Russian, American teens move in separate circles

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When 14-year-old Ilya Bezdezhaskiy talks about his half-year in public school, he stares at his feet, narrowing his ice-blue eyes into angry slits.

It was only four years ago, but the bitterness is still palpable. After leaving the former Soviet Union and the only home he had ever known, the school grounds at recess became a second frontier of alienation and fear.

"The bullies pushed me into the fence, threw stuff at me. The yard was big enough for me to find a corner and hide, but I had no friends," says Bezdezhaskiy, who lives in San Francisco and now attends Hebrew Academy, where the majority of the students are emigres.

Like many emigre teens, he socializes mainly with others from the former Soviet Union. Relations with Jewish American teenagers are better than with non-Jewish American teens, he says, "because everyone shares a common bond. We're not necessarily friends but we don't treat each other like dirt."

What he's describing is the separate peace between Russian-born Jewish youngsters — who comprise an estimated one-third of the Bay Area's Jewish teens — and their American-born counterparts. In a recent Brandeis University study of Bay Area emigre teens, 81 percent reported that most or all of their friends are Russian Jews; 37 percent claimed to have no American Jewish friends at all.

"At first it's a language problem," says Luba Golburt, 18, a student at U.C. Berkeley. "But then it's a cultural barrier. You don't know the actors, shows, books that people are discussing. In the Russian community, people basically know the same things. We have something to discuss."

Golburt's social life centers around the Northern California Hillel Council, where Steven Sacks heads a program specifically geared to attract emigres.

Sacks, like most Jewish professionals who work with emigres, isn't concerned about the deepening divide between Russian and American young people. He accepts it.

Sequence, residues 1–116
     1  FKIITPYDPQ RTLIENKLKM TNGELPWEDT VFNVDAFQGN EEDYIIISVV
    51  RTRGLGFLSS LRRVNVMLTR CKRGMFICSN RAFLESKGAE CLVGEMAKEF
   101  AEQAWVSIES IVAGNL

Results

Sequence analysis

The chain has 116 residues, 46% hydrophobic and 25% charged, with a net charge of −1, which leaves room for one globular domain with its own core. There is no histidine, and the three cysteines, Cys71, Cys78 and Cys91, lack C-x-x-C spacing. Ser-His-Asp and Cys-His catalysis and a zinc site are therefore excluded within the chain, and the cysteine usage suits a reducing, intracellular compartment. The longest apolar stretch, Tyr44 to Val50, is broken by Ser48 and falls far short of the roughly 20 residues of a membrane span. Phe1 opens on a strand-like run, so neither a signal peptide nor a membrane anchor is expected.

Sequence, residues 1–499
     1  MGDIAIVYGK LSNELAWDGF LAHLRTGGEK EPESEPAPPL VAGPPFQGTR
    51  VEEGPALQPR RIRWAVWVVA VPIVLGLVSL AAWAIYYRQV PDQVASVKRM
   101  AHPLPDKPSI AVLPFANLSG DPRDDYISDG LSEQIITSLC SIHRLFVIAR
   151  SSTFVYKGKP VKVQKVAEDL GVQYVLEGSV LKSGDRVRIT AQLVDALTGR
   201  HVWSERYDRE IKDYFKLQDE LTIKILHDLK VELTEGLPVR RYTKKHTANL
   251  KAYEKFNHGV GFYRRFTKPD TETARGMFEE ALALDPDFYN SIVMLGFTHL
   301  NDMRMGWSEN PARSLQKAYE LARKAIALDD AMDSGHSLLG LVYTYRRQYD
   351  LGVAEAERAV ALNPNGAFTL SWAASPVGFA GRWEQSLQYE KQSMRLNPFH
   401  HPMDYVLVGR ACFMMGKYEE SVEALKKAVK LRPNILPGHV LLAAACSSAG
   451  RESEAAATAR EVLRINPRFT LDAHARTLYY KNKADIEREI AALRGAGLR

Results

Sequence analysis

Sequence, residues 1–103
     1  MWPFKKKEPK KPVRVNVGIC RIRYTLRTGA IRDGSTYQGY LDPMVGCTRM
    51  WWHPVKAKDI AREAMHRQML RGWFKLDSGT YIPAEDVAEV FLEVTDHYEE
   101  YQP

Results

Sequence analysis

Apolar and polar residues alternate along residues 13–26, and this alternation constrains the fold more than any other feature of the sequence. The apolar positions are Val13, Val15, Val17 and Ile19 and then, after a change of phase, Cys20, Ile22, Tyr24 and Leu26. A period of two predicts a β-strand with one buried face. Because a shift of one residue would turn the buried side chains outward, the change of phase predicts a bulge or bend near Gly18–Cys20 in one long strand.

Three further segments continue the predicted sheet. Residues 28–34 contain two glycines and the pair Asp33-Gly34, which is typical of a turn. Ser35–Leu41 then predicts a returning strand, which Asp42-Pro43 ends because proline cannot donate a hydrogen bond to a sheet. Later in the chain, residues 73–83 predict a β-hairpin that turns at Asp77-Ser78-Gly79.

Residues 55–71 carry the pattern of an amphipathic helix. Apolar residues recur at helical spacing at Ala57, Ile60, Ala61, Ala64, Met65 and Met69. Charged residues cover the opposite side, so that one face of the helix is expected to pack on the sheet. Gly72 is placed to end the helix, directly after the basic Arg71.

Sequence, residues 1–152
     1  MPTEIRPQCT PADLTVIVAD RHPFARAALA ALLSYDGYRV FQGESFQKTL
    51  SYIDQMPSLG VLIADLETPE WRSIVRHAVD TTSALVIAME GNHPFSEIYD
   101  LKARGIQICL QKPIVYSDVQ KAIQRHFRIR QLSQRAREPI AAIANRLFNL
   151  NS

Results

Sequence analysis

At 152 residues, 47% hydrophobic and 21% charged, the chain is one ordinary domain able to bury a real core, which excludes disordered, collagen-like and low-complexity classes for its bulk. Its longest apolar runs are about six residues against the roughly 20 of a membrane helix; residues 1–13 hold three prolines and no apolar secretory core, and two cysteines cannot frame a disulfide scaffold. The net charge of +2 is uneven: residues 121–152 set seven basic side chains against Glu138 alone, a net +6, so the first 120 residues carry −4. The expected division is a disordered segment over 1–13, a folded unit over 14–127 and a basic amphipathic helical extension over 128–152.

"Integration was one of the founding principles of this program. But it's been much more effective to have events in Russian, to have Shabbat in Russian, to teach about Judaism in Russian."

Sacks adds, "If they're connected [to the community] by being Jewish, that's the most important thing. Being Jewish is more important than being American."

While community programs haven't succeeded in melding American teens with Russian ones, they have achieved overwhelming success in giving newcomers a positive sense of Jewish identity. Three-quarters of the 157 emigre teenagers polled at random for the Brandeis study said being Jewish is important or very important to them.

The study's author, Joel Streicker, noted "that emigre teens continue to need programming that is designed exclusively for emigres."

Anita Friedman, executive director of the S.F.-based Jewish Family and Children's Services, says Streicker's report underlines what her agency has already discovered on its own.

"Integration with Americans doesn't work. The expectations have to be more realistic about emigre kids becoming like American kids. Many expect and hope that emigre kids can be mainstreamed into existing programs. But this [report] highlights the fact that they need separate programs."

Ken Oshmyanskiy works part time at the front desk of the Jewish Community Center of San Francisco. The 20-year-old physical therapy student from Siberia says he's learning more about Judaism every day. Mostly, however, he collects information on being Jewish from his Russian friends.

Oshmyanskiy's English-language skills are rudimentary after only two years in this country, but he makes himself clear.

"I feel better with Russians," says the student.

After seven years in this country, Natasha Tartakovsky, 17, has both the advanced English skills and the experience to articulate what keeps her and other Russian teens isolated.

Though she transferred to a public high school in San Jose from the Hebrew Academy — a Russian-packed Orthodox school in San Francisco — her circle of friends envelops few Americans.

"The rhythm of life is different here. People think differently. We were taught differently from an early age. [In the former Soviet Union] you grow up faster. A 13-year-old from Russia is more mature and realistic about what's going on," says Tartakovsky.

But like local Jewish leaders, the teenager is confident that the separate peace is only temporary.

"When people reach their 20s, it straightens out."